Saturday, October 20, 2012

NSW government consulting on their social media policy for public sector staff

It's good to see that the NSW Government has taken the step to consult the community and public service regarding the social media policy and guidance it is planning to put in place for agencies.

The consultation, visible at http://haveyoursay.nsw.gov.au/socialmedia (which unfortunately only has comments from me right now) uses a forum-based approach to solicit comments.

I hope other Australian governments will take similar steps!

However more important than this specific consultation is the commitment behind it.

The NSW government has committed to adopt the principles of open government: transparency, participation, collaboration, and innovation through digital technologies.

They have committed to two actions under this related to social media:

  • Implement a whole of government policy that supports the use of social media for enhanced public engagement and service delivery 
  • Make reference guidelines available to agencies for public sector staff use of social media 

Finally they have committed to a move to greater public consultation on policy development.

Of course the devil is in the details - how these are implemented and whether the culture of the NSW public service is sufficiently supported and empowered to make the shift to a 2.0 public service.


FYI: my two comments were as follows - just in case they are useful to other agencies and governments (though need to be read in context of the consultations:

Have your say on the draft guidelines for agencies

None of this actually mandates or prompts agencies to provide effective guidance, training and support to staff. 
I advise mandating that all agencies:
1) Have a social media policy that aims to define how the agency will use social media in the course of its activities and make it clear to staff that social media engagement is encouraged and supported within the agency's context.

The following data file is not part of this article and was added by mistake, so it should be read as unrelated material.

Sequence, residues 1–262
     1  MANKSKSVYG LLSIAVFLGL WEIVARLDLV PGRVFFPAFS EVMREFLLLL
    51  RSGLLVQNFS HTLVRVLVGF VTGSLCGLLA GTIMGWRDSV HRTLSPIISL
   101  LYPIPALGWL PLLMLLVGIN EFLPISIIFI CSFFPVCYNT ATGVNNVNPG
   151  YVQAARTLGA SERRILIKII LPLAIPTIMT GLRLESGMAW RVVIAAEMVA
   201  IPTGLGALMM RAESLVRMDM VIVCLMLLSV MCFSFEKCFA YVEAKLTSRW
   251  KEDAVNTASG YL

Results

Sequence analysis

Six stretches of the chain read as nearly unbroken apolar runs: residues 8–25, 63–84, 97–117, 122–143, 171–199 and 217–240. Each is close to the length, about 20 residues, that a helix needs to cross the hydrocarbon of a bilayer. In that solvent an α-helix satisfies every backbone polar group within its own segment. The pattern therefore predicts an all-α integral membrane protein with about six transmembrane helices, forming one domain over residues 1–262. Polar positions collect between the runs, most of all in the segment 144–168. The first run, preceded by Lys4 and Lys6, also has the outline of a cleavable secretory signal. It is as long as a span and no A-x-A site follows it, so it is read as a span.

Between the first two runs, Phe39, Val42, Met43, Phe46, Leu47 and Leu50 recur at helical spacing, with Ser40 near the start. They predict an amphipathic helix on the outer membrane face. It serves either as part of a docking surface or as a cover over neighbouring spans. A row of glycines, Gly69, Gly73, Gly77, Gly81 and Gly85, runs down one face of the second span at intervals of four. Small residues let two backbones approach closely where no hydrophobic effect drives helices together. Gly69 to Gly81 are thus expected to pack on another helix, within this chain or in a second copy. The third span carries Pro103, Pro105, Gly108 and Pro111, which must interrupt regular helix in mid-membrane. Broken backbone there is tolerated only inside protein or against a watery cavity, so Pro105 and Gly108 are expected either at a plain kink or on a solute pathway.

2) Provide guidance to staff regarding how they maintain a separation between their individual, professional and official positions in social media (such as disclaimers on personal/professional accounts where appropriate "All opinions mine.")
3) Provide guidance and support on appropriate conduct online and build awareness of applicable laws around defamation, abuse, etc
4) Integrate social media training into the workplans for all staff and specifically within induction processes to ensure that staff are equipped to engage online in a safe and professional manner and, where staff do not engage via social media, they are equipped to accurately identify and mitigate risks the agency may face through external social media conversations and the agency's engagement through social media
5) Conduct specific training for senior management, including hands-on experience using key social media channels, to ensure they are able to effectively govern and support the social media activities of the agency.

Have your say on the draft guidelines for public sector staff

The statement 'Respect privacy and confidentiality and only publish information that is or is approved to be in the public domain.' is extremely awkward and I'm not sure what it means. 
Taken in two pieces it state: 'Respect privacy and confidentiality and only publish information that is' and 'or is approved to be in the public domain.'' - the first part reads contrary to the meaning I think you intend. 
Better reworded as: 'Respect privacy and confidentiality. Only publish information that is approved to be in the public domain.'

1 comment:

  1. Fully agree with your comments. I am still working on our response.
    I like the goal of encouraging social media usage, but I think there needs to be a differentiation between the use of internal collaboration and external collaboration tools. In my mind both should be encouraged.

    I believe it will require a bit more than just a document to help agencies move into this "new" world.

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